November 17 – The Velvet Revolution

By Erin Naillon

November 17 is one of the landmark dates in modern Czech history. On October 28, 1918, an independent Czechoslovak state was declared just a few weeks before the end of World War I. On November 17, 1989, the state was again independent – this time, free of Communist rule.

Communism in Czechoslovakia

Following World War II, Czechoslovakia was in a fragile condition. In 1948, the Communist Party took power and held it for more than forty years. During this grey time, freedom of speech was a dream; the government controlled all media, businesses, and schools. Ordinary citizens came under suspicion if they merely had relatives living outside the Iron Curtain. A brief glimpse of freedom came in the 1960s, with a more liberal leader, but the infamous Prague Spring of 1968, and the invasion of Soviet troops, quashed this openness and the Curtain came down again.

Česky Krumlov Tours from Prague

Freedom in the Air

In 1985, liberal-minded Soviet leader Mikhail Gorbachev took power, and increasing freedoms were introduced into countries under Communist rule. Widespread discontent with the status quo gave rise to more public grumbling – something once forbidden. On November 9, 1989, the Berlin Wall was joyfully destroyed by thousands of Germans, and footage of the destruction was broadcast worldwide.


Meanwhile, back in Czechoslovakia, students gathered to observe International Students Day and to pay tribute to Czech and Slovak’s students murdered during the Nazi regime. The march made its way into the center of town, where the students were dispersed by the police, who beat many of them. The following day, the Academy of Performing Arts in Prague called for a general strike, which was supported – and joined – by theatres throughout the country.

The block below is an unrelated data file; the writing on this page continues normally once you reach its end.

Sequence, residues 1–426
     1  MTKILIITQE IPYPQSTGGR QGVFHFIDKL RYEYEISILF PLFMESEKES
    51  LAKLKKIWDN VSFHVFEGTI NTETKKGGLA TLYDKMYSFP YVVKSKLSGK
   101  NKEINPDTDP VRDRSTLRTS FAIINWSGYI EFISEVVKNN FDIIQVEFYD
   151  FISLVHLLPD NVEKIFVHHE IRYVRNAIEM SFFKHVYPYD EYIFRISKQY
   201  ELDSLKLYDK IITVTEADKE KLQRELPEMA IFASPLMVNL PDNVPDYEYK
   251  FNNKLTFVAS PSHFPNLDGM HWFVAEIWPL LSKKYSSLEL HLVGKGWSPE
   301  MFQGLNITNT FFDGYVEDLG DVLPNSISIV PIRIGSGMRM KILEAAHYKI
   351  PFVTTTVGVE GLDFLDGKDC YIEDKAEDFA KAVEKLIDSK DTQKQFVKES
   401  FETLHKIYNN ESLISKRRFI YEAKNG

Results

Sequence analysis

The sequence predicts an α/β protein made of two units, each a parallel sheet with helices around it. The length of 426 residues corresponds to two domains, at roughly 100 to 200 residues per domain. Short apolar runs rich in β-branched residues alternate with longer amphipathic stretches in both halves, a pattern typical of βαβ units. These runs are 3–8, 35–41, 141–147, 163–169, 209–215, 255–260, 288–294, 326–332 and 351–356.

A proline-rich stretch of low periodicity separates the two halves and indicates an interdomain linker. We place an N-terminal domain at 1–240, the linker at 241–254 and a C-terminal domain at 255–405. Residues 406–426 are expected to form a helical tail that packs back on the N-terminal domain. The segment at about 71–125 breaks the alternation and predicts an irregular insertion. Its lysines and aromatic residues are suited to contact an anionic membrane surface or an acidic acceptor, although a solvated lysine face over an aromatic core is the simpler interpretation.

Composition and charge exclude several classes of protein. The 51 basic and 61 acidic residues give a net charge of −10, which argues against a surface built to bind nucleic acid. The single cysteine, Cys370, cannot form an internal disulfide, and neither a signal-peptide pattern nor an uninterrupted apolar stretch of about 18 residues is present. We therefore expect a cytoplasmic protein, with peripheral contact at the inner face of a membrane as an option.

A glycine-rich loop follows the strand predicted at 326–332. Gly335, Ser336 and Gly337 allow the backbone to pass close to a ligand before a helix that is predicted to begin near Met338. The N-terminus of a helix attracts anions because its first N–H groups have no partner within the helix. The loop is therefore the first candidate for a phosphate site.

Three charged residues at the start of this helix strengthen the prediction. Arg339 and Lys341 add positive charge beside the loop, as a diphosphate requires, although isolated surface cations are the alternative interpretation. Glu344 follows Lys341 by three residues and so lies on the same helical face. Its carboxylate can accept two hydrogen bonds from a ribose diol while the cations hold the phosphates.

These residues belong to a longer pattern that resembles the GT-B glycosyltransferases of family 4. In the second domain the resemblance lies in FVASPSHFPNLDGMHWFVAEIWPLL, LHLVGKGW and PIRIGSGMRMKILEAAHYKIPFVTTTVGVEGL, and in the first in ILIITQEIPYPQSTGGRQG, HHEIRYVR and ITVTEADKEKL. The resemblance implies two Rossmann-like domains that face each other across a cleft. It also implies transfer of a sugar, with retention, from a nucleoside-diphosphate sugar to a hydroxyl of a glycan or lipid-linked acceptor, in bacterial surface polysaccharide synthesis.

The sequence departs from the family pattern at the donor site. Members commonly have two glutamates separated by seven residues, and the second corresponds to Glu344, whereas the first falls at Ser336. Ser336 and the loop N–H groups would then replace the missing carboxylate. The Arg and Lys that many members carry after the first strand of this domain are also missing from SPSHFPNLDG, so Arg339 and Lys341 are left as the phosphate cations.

The Movement Gains Steam

Dissident playwright Vaclav Havel, often imprisoned for his views, was one of the key members of the Civic Forum established at this time. They demanded accountability on the part of the police for having beaten the non-violent students, as well as the release of all political prisoners. News spread; strikes became more popular. The Civic Forum gained power, and finally, Prime Minister Ladislav Adamec met with Havel on November 26.

Liberalization and Freedom

The following day, a Monday, the Ministry of Culture allowed anti-Communist works to be offered in libraries. Forty-one years of censorship had finally ended. On December 10, the first non-Communist government was sworn in. The ever-popular Havel, appropriately enough, became the first president of the newly democratic Czechoslovakia on December 29.

Due to its largely non-violent nature (the only violence shown by the police), the movement was dubbed “The Velvet Revolution”. In 1992, Slovakia made the decision to split from the Czech Republic, which occurred on January 1, 1993. Fittingly, this division is known as “The Velvet Divorce”.

November 17 is a national holiday in the Czech Republic; many government offices and businesses are closed for the day.

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